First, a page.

[UNIX] Rssh and Scponly Arbitrary Command Execution

From: SecuriTeam (support_at_securiteam.com)
Date: 12/16/04

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    Date: 16 Dec 2004 15:03:01 +0200
    
    

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      Rssh and Scponly Arbitrary Command Execution
    ------------------------------------------------------------------------

    SUMMARY

     <http://www.pizzashack.org/rssh/index.shtml> rssh and
    <http://www.sublimation.org/scponly/> scponly are restricted shells that
    are designed to allow execution only of certain preset programs. Both are
    used to grant a user the ability to transfer files to and from a remote
    host without granting full shell access. Due to the fact that most of the
    preset programs offer options that execute other programs, arbitrary
    command execution on the remote host is possible.

    DETAILS

    rssh allows any of five predefined programs to be executed on the remote
    host depending on the configuration. Those that are known to be vulnerable
    in combination with the techniques described in this posting are marked
    with an asterisk.
     * scp*
     * sftp-server
     * cvs
     * rdist*
     * rsync*

    scponly allows a number of predefined programs to be executed on the
    remote host depending on compile-time options. Those that are known to be
    vulnerable when used with scponly:
     * scp
     * rsync
     * unison (*untested)

    The program execution options that these programs offer:
    rdist -P <program>
    rsync -e <program>
    scp -S <program>
    unison -rshcmd <program>
    unison -sshcmd <program>

    These options allow the user to specify the location of the shell to use
    when connecting to the remote host. No restriction is placed on what
    programs may be specified by these options, and rssh and scponly do not
    filter these options out. The end result is that although a user may be
    restricted by rssh or scponly to running e.g. only /usr/bin/scp, they can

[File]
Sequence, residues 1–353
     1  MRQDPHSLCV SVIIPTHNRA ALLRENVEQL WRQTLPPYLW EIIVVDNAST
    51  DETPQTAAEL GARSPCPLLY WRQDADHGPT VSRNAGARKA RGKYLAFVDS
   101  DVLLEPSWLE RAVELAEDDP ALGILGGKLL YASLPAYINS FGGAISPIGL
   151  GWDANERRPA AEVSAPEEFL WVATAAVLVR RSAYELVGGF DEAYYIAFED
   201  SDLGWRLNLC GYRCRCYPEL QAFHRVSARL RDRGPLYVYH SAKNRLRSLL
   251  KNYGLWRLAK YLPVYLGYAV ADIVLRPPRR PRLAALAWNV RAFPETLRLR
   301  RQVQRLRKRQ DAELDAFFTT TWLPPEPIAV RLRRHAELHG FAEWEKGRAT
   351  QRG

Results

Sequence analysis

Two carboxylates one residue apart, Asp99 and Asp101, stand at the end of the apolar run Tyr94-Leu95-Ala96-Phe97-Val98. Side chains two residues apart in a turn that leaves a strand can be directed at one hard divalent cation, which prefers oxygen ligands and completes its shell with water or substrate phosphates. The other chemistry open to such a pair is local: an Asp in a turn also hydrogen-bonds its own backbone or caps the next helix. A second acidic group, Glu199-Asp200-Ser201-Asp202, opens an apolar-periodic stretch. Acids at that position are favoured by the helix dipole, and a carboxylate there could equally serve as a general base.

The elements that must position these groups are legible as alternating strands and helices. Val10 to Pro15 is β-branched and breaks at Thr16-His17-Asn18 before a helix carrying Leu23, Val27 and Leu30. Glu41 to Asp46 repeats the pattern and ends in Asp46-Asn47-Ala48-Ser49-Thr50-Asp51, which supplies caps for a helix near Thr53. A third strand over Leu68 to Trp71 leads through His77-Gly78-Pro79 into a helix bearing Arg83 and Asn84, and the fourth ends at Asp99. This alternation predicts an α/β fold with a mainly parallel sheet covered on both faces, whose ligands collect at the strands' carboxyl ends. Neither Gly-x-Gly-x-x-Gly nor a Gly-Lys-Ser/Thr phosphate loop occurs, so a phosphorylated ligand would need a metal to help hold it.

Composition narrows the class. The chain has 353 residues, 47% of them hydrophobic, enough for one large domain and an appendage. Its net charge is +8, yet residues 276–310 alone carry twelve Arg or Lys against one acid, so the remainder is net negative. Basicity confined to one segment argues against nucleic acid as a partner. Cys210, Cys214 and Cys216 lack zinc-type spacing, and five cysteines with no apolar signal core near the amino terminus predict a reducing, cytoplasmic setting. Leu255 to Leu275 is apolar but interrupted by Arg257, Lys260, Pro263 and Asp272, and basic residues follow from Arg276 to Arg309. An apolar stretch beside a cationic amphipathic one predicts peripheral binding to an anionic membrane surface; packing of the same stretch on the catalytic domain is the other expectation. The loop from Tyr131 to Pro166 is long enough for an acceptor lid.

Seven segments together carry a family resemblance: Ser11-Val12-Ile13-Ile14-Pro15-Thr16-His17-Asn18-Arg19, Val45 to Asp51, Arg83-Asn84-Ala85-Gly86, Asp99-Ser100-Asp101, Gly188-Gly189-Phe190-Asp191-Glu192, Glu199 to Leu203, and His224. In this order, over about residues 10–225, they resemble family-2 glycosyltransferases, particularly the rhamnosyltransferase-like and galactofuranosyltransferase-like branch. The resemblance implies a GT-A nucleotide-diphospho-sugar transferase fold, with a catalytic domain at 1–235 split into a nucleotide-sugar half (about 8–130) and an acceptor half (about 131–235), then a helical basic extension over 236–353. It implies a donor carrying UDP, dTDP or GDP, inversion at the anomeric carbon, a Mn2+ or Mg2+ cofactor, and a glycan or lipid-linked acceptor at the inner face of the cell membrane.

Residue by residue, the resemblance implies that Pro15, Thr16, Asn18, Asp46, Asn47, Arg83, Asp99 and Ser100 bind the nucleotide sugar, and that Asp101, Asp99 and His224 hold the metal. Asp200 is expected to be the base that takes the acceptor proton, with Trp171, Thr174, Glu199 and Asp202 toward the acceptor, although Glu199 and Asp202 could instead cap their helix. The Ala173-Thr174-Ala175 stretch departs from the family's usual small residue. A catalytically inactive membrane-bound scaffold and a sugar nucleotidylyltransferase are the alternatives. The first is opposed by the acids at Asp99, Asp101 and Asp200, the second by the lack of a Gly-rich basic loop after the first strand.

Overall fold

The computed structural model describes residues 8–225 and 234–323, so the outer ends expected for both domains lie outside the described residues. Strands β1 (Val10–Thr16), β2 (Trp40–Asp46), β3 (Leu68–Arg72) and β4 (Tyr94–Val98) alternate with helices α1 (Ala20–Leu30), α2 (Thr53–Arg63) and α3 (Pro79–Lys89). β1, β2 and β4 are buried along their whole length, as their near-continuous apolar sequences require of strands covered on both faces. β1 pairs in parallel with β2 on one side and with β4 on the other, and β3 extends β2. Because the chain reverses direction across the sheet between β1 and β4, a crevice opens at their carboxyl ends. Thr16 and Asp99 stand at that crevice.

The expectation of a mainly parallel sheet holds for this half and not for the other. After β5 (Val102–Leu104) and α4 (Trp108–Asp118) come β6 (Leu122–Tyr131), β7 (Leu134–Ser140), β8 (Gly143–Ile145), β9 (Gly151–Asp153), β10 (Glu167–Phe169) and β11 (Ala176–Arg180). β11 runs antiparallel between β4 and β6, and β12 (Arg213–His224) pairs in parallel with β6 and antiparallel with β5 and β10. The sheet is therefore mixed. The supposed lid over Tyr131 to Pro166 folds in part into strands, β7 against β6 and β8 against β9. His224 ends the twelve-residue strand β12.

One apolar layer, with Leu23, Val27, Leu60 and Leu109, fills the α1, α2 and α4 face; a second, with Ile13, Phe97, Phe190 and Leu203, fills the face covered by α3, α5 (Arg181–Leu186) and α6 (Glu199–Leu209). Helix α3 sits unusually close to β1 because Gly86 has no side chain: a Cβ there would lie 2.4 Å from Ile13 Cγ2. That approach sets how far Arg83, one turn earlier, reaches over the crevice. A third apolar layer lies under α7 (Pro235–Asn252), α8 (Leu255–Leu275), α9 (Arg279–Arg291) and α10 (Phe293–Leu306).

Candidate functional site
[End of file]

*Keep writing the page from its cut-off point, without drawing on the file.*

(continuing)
in fact execute any program using /usr/bin/scp -S <program>.

    The problem is compounded when you recognize that the main use of rssh and
    scponly is to allow file transfers, which in turn allows a malicious user
    to transfer and execute entire custom scripts on the remote machine.

    rssh with sftp-server does not appear to be vulnerable. rssh with cvs is
    also not vulnerable using these techniques. However, it is quite probable
    that a malicious user could check out a carefully crafted CVS repository
    and execute arbitrary commands using CVS's hooks interface.

    Examples:
     ssh restricteduser@remotehost 'rsync -e "touch /tmp/example --"
    localhost:/dev/null /tmp'
     scp command.sh restricteduser@remotehost:/tmp/command.sh
     ssh restricteduser@remotehost 'scp -S /tmp/command.sh localhost:/dev/null
    /tmp'

    Solution:
    There are no workarounds for this problem.

    Jason has talked with the author of rssh, Derek Martin. He is currently
    indisposed for an indefinite period of time due to changing countries and
    having no permanent home at the present moment. Moreover he has other
    priorities and has lost interest in maintaining the program. He has
    offered to assist anyone who would like to take over maintainership of
    rssh, but he does not intend to provide a fix for the current problem.
    Given this fact, Jason would strongly recommend against using rssh at this
    time.

    The author of scponly, Joe Boyle, has prepared a new release, version 4.0,
    that addresses the current problem.

    Distributor updates have been coordinated with this posting and should be
    available soon.

    Jason thinks the long-term solution for those needing a highly secure
    restricted shell is to allow granular configuration by administrators of
    which options and arguments, if any, are allowed to be specified for which
    programs. In the most restricted case entire command lines would be stored
    on the remote host and the client would be allowed only to select from the
    list of available command lines. I'm not aware of any software that offers
    these capabilities today.

    ADDITIONAL INFORMATION

    The information has been provided by <mailto:jason@xc.net> Jason Wies.

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